I Found Love in a Hopeless Place: My Ex's Kitchen
"I Found Love in a Hopeless Place" is a celebration of love in all its forms, with one new essay appearing each day until Valentine’s Day.
With all the wisdom afforded by two semesters at Bard College and three months of love, at 19, Michael* and I committed to “moving in together” for the summer–i.e. sharing a full bed in his father’s converted garage. It was a big house in Lafayette, CA, where the dizzying dry heat encouraged a lush garden in the back. We shared the room with a pool table and an old couch that was periodically occupied by a rotating cast of Michael’s stepbrother’s bandmates. It smelled of sawdust, California pot, and Riley, a Prozac-addled pit bull rescued from an Oakland gang.
Michael had instructed me to call his father Jeff. No one called him dad, and Mr. Arnold was definitely not on the menu. He picked us up at SFO in a white SUV, which I soon learned was the vehicle of choice in Contra Costa County. I should have realized that I was in over my head from our first conversation. Jeff glanced up at the rearview mirror and asked, “Do you guys need any condoms? I’m taking Amanda to Planned Parenthood tomorrow if you need anything.” I waited for Michael to answer while his 15-year-old sister and I fidgeted under our respective seat belts. He and Jeff exchanged smirks in the mirror, silently congratulating one another on their casual, sex-positive parent-child relationship and on successfully mortifying the uptight girl from Connecticut.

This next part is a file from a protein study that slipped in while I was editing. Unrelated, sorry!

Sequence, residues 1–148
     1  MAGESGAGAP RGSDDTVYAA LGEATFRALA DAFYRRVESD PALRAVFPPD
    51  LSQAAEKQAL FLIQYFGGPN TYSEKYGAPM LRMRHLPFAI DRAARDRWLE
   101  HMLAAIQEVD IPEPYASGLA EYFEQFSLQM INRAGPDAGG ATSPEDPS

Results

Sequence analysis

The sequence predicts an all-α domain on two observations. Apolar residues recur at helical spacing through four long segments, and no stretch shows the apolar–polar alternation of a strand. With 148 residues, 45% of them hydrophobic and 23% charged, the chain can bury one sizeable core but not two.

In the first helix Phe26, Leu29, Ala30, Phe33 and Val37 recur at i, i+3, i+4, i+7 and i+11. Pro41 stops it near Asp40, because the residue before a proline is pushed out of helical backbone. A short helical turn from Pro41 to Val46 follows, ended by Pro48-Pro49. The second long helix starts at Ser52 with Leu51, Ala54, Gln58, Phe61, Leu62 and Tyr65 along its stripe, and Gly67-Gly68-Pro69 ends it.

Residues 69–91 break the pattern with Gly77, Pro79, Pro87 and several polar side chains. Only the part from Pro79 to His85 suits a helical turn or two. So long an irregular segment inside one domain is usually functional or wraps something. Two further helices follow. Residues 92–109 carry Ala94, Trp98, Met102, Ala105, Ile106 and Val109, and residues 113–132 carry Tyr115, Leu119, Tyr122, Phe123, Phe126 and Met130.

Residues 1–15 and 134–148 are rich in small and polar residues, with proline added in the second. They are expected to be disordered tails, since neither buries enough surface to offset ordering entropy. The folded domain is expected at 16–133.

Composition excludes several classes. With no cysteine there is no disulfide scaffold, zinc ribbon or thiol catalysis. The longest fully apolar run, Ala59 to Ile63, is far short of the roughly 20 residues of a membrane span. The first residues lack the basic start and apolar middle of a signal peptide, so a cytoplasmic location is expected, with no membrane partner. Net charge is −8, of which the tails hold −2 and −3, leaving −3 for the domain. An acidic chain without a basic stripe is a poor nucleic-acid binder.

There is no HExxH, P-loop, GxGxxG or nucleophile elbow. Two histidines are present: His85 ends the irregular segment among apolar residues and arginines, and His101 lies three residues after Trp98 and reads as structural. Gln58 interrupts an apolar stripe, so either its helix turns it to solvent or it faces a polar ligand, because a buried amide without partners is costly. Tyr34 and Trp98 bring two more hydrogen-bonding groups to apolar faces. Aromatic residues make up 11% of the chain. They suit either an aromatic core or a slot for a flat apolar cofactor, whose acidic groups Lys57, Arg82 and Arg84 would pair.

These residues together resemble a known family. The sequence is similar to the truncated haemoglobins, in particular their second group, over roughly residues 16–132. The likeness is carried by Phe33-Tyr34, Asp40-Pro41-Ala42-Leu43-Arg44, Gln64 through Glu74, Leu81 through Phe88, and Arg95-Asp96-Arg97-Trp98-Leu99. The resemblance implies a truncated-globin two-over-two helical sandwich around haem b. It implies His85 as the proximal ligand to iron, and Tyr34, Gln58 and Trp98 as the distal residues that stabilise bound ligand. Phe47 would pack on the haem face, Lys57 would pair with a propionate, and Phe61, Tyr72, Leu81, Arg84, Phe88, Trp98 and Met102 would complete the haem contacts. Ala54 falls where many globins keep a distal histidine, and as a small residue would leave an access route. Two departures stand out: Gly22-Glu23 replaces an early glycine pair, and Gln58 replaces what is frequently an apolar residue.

I was at the upper edge of my diffident teenhood and particularly shy. Moving into a house full of eight to ten over-sharing strangers should have been a firm no. But I was 19 and an idiot, so there I was, awkwardly maneuvering my way through the two-story house.
Despite the transience of the house’s inhabitants, everyone gathered on Sunday nights for grand vegetarian feasts. There were always a dozen of us crowded around that long deck table like the Last Supper on the Island of Misfit Record Store Employees. Jeff’s second wife Karen and third wife Sue split grilled pizzas topped with sharp local arugula. Michael’s crust-punk stepsister Rebecca clutched a tofu hot dog in her right hand while balancing her rat Persephone on her breasts. Her dirty dreads fell forward to form a single gaping mouth, and she and her pet rat alternated bites. Amanda silently pushed grilled vegetables around her plate. Their goth step-cousin held court in the shade next to Jeff’s mother, the fog of Alzheimer’s shielding her from Jeff and Sue’s recounting of their latest visit to a nudist resort. Riley scavenged for scraps between the chair legs.
Jeff and Sue let us work at their consulting firm, but I left after realizing that my primary responsibility was to serve Michael coffee on demand. I found a paid part-time internship at a photo studio in San Francisco. Three days a week I walked 2.1 miles in triple-digit heat to the train station because I couldn't drive Michael's stick shift, and he couldn't (or wouldn't) give me a ride. After 40 minutes on the train, I walked another mile through three homeless shelters and a methadone clinic to get to work. It filled out part of the week, but even with the gig and the commute and Sunday dinner and sleep, I spent roughly 85 waking hours each week smoking Camel Lights in a deep loneliness. Between the walking, chain-smoking, and vegan food, I dropped 25 pounds that summer.